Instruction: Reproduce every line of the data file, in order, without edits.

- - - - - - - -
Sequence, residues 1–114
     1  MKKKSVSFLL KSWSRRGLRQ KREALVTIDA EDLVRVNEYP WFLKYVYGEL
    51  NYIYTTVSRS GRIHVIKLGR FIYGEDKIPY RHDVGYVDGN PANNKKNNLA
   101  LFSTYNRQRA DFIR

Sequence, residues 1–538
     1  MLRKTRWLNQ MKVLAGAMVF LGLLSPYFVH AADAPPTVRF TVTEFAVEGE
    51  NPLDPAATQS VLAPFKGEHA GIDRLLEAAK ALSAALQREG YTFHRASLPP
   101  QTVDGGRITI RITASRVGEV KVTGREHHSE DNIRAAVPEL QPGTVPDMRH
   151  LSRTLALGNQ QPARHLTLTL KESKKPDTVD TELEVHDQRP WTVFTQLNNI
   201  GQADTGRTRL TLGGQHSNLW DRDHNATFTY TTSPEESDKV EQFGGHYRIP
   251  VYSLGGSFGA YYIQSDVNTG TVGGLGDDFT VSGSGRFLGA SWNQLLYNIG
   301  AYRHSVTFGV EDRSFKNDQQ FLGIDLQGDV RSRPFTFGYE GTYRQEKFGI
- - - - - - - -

Sequence, residues 1–114
     1  MKKKSVSFLL KSWSRRGLRQ KREALVTIDA EDLVRVNEYP WFLKYVYGEL
    51  NYIYTTVSRS GRIHVIKLGR FIYGEDKIPY RHDVGYVDGN PANNKKNNLA
   101  LFSTYNRQRA DFIR

Sequence, residues 1–538
     1  MLRKTRWLNQ MKVLAGAMVF LGLLSPYFVH AADAPPTVRF TVTEFAVEGE
    51  NPLDPAATQS VLAPFKGEHA GIDRLLEAAK ALSAALQREG YTFHRASLPP
   101  QTVDGGRITI RITASRVGEV KVTGREHHSE DNIRAAVPEL QPGTVPDMRH
   151  LSRTLALGNQ QPARHLTLTL KESKKPDTVD TELEVHDQRP WTVFTQLNNI
   201  GQADTGRTRL TLGGQHSNLW DRDHNATFTY TTSPEESDKV EQFGGHYRIP
   251  VYSLGGSFGA YYIQSDVNTG TVGGLGDDFT VSGSGRFLGA SWNQLLYNIG
   301  AYRHSVTFGV EDRSFKNDQQ FLGIDLQGDV RSRPFTFGYE GTYRQEKFGI